Kevin Kavanagh, MD, examines the current bird flu outbreak and the possible dangers it holds for humans.
As many of us remain focused on COVID-19 and its immunosuppressive augmentation of other infectious diseases, mother nature is not sitting still. I was again reminded of this fact when I attempted to purchase a dozen eggs for over $6. The average price in the United States was over $4 in December 2022. In January 2023, the New York Times reported a cost of over $7. This consumer price gouge is not the grocery store's fault, the COVID-19 bailout, or even our bloated federal deficit. It is the result of mother nature and the H5N1 bird flu pandemic.
Along with RSV, SARS-CoV-2, and Seasonal influenza, the bird flu is spreading rapidly in the United States at epidemic proportions. According to the New York Times, 60 million birds have been infected or killed (culled) in 47 states. So far, this has surpassed the second-largest outbreak in 2015, when 50.1 million birds died in 21 states. The number of states affected has more than doubled.
Bird flu has rarely affected humans; when it does, it is from directly handling birds. The virus rarely spreads from human to human. The concern is that when it infects humans, according to the Centers for Disease Control and Prevention (CDC), there is an approximately. From 2003 to 2006, H5N1 infected 232 people and killed 134.
But the one thing we have all learned from COVID-19 is that when RNA viruses spread rapidly, they mutate. This is what appears to have happened with H5N1. A new strain that is “highly pathogenic” has emerged and killed 1,600 snow geese in Colorado. To make matters worse, 3 Montana grizzly bears had to be euthanized after they caught the virus. This outbreak was described as the most significant foreign animal outbreak in US history and raises fears that the virus has mutated to promote the infection of mammals. A capability that could have profound consequences for the mammalian species, homo sapiens.
Unfortunately, this outbreak appears not to be a single occurrence. In Spain, a highly pathogenic H5N1 virus has infected the mink population. As of early October 2022, 52,000 minks were placed in cages, and the expected overall mortality of 0.2% to 0.4% rose to a mortality rate of 4%. Samples from the minks that died revealed the H5N1 virus. This virus was also found in 27 birds in the province and a neighboring province. The authors report that mink-to-mink transmission has occurred.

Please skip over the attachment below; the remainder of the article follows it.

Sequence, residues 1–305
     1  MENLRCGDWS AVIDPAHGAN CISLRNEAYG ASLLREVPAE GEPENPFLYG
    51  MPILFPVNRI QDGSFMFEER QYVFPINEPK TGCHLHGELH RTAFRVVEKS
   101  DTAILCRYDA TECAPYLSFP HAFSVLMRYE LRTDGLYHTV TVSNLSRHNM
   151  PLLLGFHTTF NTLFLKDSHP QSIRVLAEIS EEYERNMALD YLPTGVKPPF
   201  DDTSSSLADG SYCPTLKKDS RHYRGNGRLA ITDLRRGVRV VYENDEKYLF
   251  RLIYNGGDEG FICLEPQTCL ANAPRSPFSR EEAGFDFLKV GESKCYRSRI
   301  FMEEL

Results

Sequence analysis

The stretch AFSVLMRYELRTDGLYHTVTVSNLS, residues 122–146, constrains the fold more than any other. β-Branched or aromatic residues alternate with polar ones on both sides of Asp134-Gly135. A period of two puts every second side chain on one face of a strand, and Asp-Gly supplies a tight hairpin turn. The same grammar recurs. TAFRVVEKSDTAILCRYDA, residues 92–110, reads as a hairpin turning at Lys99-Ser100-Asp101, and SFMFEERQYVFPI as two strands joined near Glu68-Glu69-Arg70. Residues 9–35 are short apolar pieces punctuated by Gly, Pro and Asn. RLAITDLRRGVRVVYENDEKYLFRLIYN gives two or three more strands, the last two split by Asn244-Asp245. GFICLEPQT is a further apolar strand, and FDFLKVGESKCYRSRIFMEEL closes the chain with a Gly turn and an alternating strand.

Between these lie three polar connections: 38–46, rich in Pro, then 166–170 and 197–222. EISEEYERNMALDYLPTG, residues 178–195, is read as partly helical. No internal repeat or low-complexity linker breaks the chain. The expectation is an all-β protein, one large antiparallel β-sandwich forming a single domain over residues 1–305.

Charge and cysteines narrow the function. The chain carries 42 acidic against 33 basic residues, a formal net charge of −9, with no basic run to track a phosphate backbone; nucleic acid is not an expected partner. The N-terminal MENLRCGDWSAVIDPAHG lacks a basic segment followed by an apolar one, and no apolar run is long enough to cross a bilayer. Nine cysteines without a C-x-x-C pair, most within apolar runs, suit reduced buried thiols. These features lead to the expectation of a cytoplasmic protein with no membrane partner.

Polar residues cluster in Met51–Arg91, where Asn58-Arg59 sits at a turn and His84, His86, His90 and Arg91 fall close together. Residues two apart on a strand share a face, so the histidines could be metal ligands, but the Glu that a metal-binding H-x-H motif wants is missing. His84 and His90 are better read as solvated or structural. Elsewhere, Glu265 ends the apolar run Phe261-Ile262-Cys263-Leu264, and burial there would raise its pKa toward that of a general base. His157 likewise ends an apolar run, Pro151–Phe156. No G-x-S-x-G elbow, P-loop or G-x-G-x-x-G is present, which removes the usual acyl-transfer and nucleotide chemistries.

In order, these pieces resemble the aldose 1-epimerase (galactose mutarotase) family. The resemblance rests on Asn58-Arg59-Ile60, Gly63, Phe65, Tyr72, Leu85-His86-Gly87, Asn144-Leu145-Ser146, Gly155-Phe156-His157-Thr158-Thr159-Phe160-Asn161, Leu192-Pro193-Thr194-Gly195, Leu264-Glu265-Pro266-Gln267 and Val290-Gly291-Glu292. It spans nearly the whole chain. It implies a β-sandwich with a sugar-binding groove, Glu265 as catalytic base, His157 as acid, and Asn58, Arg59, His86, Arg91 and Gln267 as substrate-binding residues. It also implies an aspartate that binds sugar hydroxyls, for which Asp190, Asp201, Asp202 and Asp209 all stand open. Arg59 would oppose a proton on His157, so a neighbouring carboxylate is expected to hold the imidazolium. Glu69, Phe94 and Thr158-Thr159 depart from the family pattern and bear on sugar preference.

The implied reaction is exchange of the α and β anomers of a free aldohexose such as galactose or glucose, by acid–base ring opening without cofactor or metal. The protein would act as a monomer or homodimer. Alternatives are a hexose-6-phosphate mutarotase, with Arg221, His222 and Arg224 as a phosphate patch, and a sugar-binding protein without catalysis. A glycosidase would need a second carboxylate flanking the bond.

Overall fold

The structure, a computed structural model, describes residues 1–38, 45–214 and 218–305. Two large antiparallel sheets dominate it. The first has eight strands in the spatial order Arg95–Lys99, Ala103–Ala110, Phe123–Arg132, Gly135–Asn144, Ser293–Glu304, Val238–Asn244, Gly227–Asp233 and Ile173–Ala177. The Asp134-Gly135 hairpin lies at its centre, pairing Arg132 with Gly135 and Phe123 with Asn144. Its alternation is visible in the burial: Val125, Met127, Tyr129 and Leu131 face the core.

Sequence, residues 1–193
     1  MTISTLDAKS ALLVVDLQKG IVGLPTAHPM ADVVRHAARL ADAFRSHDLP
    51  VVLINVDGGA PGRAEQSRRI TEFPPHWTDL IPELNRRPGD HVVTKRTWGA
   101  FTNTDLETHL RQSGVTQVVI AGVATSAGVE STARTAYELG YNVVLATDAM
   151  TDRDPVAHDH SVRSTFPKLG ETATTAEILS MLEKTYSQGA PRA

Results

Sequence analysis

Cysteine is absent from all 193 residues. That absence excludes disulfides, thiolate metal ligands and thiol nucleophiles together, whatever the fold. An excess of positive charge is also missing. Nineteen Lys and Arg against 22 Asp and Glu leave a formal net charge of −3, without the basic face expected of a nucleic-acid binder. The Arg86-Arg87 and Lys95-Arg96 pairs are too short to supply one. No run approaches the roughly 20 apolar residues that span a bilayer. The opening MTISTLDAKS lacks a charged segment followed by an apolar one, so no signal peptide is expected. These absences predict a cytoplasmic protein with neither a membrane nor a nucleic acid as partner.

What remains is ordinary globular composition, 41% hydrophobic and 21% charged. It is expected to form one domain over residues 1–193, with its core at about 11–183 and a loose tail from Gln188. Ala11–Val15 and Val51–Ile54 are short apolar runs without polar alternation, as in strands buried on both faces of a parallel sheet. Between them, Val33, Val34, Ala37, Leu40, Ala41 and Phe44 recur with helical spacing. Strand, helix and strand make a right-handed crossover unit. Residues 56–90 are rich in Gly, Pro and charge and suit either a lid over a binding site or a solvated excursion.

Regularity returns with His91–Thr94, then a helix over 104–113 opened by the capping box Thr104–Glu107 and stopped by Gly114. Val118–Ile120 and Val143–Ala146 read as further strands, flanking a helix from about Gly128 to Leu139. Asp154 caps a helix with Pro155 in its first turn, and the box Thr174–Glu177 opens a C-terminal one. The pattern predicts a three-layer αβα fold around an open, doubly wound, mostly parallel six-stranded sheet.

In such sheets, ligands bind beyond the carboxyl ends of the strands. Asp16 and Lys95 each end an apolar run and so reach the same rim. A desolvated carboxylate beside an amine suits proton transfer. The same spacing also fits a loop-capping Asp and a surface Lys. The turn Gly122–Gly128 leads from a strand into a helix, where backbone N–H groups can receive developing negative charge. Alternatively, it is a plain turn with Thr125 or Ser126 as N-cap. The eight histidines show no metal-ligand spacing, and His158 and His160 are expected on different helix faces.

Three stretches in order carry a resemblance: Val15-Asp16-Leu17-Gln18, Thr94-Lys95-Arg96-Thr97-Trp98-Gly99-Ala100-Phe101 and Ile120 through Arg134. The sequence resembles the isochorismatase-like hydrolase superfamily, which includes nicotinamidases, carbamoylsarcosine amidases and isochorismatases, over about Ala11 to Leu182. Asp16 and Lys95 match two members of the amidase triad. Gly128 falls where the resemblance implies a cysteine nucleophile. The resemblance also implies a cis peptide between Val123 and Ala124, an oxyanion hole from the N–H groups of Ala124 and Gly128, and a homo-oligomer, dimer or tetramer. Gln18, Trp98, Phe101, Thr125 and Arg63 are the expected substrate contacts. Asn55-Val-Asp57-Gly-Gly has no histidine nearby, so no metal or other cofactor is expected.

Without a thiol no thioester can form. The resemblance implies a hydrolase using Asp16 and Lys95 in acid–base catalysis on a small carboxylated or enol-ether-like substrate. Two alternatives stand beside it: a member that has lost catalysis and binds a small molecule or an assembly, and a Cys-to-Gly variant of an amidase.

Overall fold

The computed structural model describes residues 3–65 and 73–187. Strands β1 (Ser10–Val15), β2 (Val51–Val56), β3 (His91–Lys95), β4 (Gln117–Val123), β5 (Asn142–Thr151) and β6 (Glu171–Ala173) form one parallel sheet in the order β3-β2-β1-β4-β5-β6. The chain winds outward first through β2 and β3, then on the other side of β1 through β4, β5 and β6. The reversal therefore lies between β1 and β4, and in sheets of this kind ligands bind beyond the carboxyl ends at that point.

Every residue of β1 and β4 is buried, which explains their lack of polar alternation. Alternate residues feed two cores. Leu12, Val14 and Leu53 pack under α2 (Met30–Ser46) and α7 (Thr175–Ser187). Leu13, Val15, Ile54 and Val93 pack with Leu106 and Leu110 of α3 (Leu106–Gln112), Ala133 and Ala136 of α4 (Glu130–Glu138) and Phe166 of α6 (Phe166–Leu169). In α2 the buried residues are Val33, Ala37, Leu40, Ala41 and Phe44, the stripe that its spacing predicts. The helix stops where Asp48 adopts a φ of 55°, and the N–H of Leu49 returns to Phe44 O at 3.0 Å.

The virus which affected the mink population was a new strain, having the “uncommon mutation (T271A) in the PB2 gene.” Zhang Y et al (2012) have observed, “that amino acid 271A of PB2 plays a key role in virus acquisition of the mutation at position 226 of HA that confers human receptor recognition.” In other words, the strain which infected the mink population may be one step away from being able to spread in humans efficiently.
There have also been several gain-of-function laboratory experiments which, as dangerous as these experiments are, have shown the potential for the avian flu virus to take on characteristics of seasonal influenza. In 2006, CDC made 2 hybrid viruses (avian flu and human influenza) and infected ferrets, but the infection failed to spread. But research reported in 2010 by Dr. Yoshihiro Kawaoka from the University of Wisconsin produced a highly pathogenic hybrid with the pandemic ability of H1N1 (human influenza). The report states, “the new findings raise concerns that H5N1 and pandemic H1N1 viruses could reassort in individuals exposed to both viruses and generate an influenza strain that is both highly virulent and contagious.” The published research in the Proceedings of the National Academy of Sciences also stressed the importance of monitoring the emergence of avian flu viruses with mutations in the PB2 segment.
“…that the human virus PB2 segment functions in the background of an avian H5N1 virus, enhancing its virulence. Our findings highlight the importance of surveillance programs to monitor the emergence of human H5 reassortant viruses, especially those containing a PB2 segment of human origin.”
I’m starting to experience dé·jà Vu. Gain-of-Function experiments performed on a hazardous virus, viral spread from birds to mammals, spread between mammals, and mutations beginning to arise, which may be the first step in conferring the ability to transmit in humans.
I do not want to go through this again, especially since our current pandemic is not under control. We need to aggressively contain the spread of bird flu and increase our genomic surveillance for this disease. This is not a certainty since our current genomic surveillance for COVID-19 needs to be strengthened at a time when mutations are flourishing, and the dangers of long COVID are becoming more ominous.